January 30, 2020

FTC Releases New Hart-Scott-Rodino Thresholds for 2020

On January 28, 2020, the Federal Trade Commission (FTC) published adjusted reporting thresholds under the Hart-Scott-Rodino Antitrust Improvements Act of 1976, as amended (HSR Act) in the Federal Register. Companies contemplating a merger should review the new thresholds and consult with counsel to determine whether they are required to report their transaction to the federal antitrust agencies prior to consummation.

The new thresholds represent an approximate 4.4% increase over last year’s thresholds, and they will become effective on February 27, 2020 (30 days after their publication). The HSR Act requires the FTC to revise these thresholds annually, based on changes in gross national product.

Under the HSR Act, parties to mergers, acquisitions and other transactions must file premerger notification with the FTC and the Department of Justice Antitrust Division (DOJ), and then observe a 30-day statutory waiting period before consummating the transaction, if their transaction meets or exceeds certain monetary thresholds. While both the FTC and the DOJ have jurisdiction to review any reportable transaction, one of the two agencies will typically take primary responsibility for each deal. Parties also must cooperate with the agency’s investigation of their proposed transaction’s competitive effects. A small percentage of transactions for which HSR filings are submitted will be subjected to so-called “second requests” for additional information or a formal merger challenge by one of the agencies.

Adjusted Threshold for Size of Transaction Test

The minimum size of transaction requiring an HSR filing has been increased from $90 million to $94 million. For most purposes, the size of the transaction is calculated as the greater of the purchase price or the fair market value of the assets being acquired. If the purchase price or value of the acquired assets is below $94 million, there is no requirement to make an HSR filing, even if the parties meet the size of parties test described below.

Adjusted Threshold for Size of Parties Test

Where the size of transaction test is met, generally one party to a transaction also must have assets or annual revenues of at least $188 million (up from $180 million) and the other must have assets or annual revenues of at least $18.8 million (up from $18 million) to trigger an HSR filing. The only exceptions are:

  • If the size of the transaction is $376 million or more (up from $359.9 million), there is no size of parties test and the parties will need to file regardless of the assets or annual revenues of the parties involved.
  • If the buyer meets the $188 million size of parties test and the target is a non-manufacturer, the target’s annual sales are disregarded so that the target will meet the test only if its assets exceed $18.8 million.

Adjusted Filing Fees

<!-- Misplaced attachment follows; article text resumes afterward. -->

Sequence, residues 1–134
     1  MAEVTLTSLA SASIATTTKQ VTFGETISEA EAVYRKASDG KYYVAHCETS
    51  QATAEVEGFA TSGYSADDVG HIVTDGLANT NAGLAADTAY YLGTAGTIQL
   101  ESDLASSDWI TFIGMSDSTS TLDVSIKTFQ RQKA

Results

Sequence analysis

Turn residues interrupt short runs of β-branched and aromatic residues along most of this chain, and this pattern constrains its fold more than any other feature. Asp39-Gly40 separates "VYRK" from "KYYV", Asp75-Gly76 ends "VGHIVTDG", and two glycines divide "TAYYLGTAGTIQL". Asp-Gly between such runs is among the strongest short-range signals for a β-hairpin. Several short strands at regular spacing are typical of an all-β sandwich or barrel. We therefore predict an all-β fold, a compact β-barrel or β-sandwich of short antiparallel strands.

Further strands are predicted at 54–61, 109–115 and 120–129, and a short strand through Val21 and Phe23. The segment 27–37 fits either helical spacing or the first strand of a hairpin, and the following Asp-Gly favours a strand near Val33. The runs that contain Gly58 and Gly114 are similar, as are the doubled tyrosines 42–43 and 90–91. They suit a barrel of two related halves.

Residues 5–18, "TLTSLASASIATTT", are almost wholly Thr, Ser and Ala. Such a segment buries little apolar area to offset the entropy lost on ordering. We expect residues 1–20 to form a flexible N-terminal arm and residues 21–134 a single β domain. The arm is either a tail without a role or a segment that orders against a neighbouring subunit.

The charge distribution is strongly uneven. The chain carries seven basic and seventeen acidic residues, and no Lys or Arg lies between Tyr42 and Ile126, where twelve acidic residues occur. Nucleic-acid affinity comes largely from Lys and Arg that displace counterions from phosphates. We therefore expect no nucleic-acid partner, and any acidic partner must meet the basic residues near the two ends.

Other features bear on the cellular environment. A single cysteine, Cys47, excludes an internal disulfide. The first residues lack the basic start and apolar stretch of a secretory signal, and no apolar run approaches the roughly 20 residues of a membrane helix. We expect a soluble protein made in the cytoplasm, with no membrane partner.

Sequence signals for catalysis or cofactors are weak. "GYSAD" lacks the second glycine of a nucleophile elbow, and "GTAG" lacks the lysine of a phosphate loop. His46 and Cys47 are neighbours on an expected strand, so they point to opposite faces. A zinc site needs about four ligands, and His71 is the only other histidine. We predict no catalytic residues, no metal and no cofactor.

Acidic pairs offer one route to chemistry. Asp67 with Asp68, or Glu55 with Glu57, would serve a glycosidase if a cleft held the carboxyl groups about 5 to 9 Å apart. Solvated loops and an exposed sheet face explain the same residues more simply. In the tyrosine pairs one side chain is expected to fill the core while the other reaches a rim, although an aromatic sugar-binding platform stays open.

Unlike the filing thresholds, the filing fees are not indexed to gross national product, and they have not been revised in over a decade. However, the thresholds used to determine the fees have been adjusted upward.

  • For transactions valued above $94 million and below $188 million (up from between $90 million and $180 million), the filing fee is $45,000.
  • For transactions valued above $188 million and below $940.1 million (up from between $180 million and $899.8 million), the filing fee is $125,000.
  • For transactions valued above $940.1 million (up from $899.8 million), the filing fee is $280,000.

Adjusted Civil Penalties

Businesses and persons who violate the HSR Act are subject to monetary penalties. For example, consummating a reportable merger without filing the required HSR submissions and observing the statutory waiting period may subject a party to a civil penalty for each day during which the party is in violation of the HSR Act. Gun jumping, in which parties share competitively sensitive information or otherwise engage in a “de facto” merger before formal consummation takes place, is also a violation of the HSR Act (as well as a violation of Section 1 of the Sherman Act, which carries its own criminal penalties). This year, the maximum penalty for an HSR Act violation will increase from $42,530 to $43,280 per day.

Adjusted Thresholds for Interlocking Directorates

Finally, the FTC published new thresholds for interlocking directorates under Section 8 of the Clayton Act. In general, the law prohibits an individual from simultaneously serving as an officer or director of two competing corporations if each corporation has capital, surplus and undivided profits of more than $38,204,000 (up from $36,564,000). Section 8 provides for several exceptions where competitive overlaps are “too small to have competitive significance.” For example, the parties will not violate Section 8 where the competing sales of either corporation are less than $3,820,400 (up from $3,656,400); the competitive sales of either corporation are less than two percent of the corporation’s total sales; or the competing sales of each corporation are less than 4% of the corporation’s total sales.

Failure to comply with the HSR Act and other competition laws may have serious consequences for businesses and individuals. Businesses should consult with HSR counsel before proceeding with a potentially reportable transaction.

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